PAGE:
Changes would allow N95 sales for industries other than health care and signal an end to the hospital practice of reusing the masks considered essential for worker safety.
Dr. Robert Redfield, Trump’s CDC director, lends his scientific credibility to its Clean Air Systems subsidiary, which touts a “virus-killing ion technology” added to its fans. But indoor air quality experts question whether some of its technology works in the real world.
Lost on the Frontline, a yearlong investigation by The Guardian and KHN to count health care worker deaths, ends today. This is what we learned in a year of tracing the lives of those who made the ultimate sacrifice.
Air-cleaning companies with limited oversight are targeting a growing market of schools desperate for covid-19 protection. Donald Trump’s former covid adviser lands with one that built its business, in part, on ozone-emitting technology.
Researchers say “very low”-quality research from the 2003 SARS outbreak drove guidelines on who got the best PPE, leaving those most at risk exposed.
As experts race to get an approved test for covid variants, officials are severely restricted from sharing information about the cases. That makes it harder to protect others.
In the hours before President Joe Biden was inaugurated, the Federal Emergency Management Agency allowed a Texas mask maker to ship the high-quality masks overseas.
The academics insist that more workers should get top-rated N95 masks, the best defense against airborne coronavirus particles.
Authorities seized 1.7 million fake masks in New York and U.S. Sen. Maria Cantwell called for a national probe.
Masks imitating the real thing are flooding U.S. ports, and authorities can hardly keep pace.
Expertos dicen que la caída puede estar relacionada con el creciente temor al virus después que alcanzara niveles récord, así como con la esperanza de vacunarse pronto.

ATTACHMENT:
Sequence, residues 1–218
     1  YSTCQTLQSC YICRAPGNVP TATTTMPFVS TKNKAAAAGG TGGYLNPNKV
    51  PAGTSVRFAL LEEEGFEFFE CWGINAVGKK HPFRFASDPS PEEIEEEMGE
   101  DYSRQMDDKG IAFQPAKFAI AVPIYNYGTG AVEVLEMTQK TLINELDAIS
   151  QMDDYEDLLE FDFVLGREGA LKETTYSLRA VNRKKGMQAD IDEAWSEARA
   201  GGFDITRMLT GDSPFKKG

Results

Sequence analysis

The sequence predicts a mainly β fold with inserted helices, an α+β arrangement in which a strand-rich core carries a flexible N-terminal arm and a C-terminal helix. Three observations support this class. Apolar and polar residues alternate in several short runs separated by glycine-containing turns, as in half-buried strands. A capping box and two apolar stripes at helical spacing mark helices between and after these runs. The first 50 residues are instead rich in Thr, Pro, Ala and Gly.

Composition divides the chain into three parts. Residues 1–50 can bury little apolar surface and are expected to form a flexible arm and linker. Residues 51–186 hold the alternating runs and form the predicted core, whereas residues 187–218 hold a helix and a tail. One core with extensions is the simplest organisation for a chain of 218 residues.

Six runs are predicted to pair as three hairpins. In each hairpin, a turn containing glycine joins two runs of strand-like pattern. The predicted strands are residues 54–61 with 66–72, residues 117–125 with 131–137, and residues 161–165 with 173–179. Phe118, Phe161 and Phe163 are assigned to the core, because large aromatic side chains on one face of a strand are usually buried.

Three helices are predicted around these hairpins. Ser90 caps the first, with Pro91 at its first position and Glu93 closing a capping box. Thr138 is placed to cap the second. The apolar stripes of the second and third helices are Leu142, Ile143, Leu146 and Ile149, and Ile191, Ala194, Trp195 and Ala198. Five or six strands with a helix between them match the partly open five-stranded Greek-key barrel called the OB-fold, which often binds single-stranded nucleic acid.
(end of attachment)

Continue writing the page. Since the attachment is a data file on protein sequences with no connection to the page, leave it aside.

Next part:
End of holiday gatherings or fear of the virus may be at play – or hope for the vaccine
The National Academy of Sciences cites journalists’ “Lost on the Frontline” project in a push to expand federal tracking of worker fatalities.
At least 2,900 health workers have died since the pandemic began. Many were minorities with the highest levels of patient contact.
Four workers died at a facility with one of the largest U.S. outbreaks, but the Occupational Safety and Health Administration never conducted an inspection. It’s a pattern that’s played out across the nation, a KHN investigation finds.
The debate over how the coronavirus spreads heated up Friday when the Centers for Disease Control and Prevention conceded that the virus spreads through tiny particles, but then took down guidance that could have forced big changes in hospitals.
COVID patients have been commingled with uninfected patients in California, Florida, New Jersey, Iowa, Ohio, Maryland, New York and beyond. While officials have penalized nursing homes for such failures, hospitals have seen less scrutiny.
“Lost on the Frontline” is an ongoing project by Kaiser Health News and The Guardian that aims to document the lives of health care workers in the U.S. who died from COVID 19, and to investigate why so many are victims of the disease.
Harvard research shows minorities are most likely to report inadequate PPE and to work with COVID-positive patients.
Democrats want to bind employers to follow a safety plan, while Republicans seek to shield employers and doctors from lawsuits.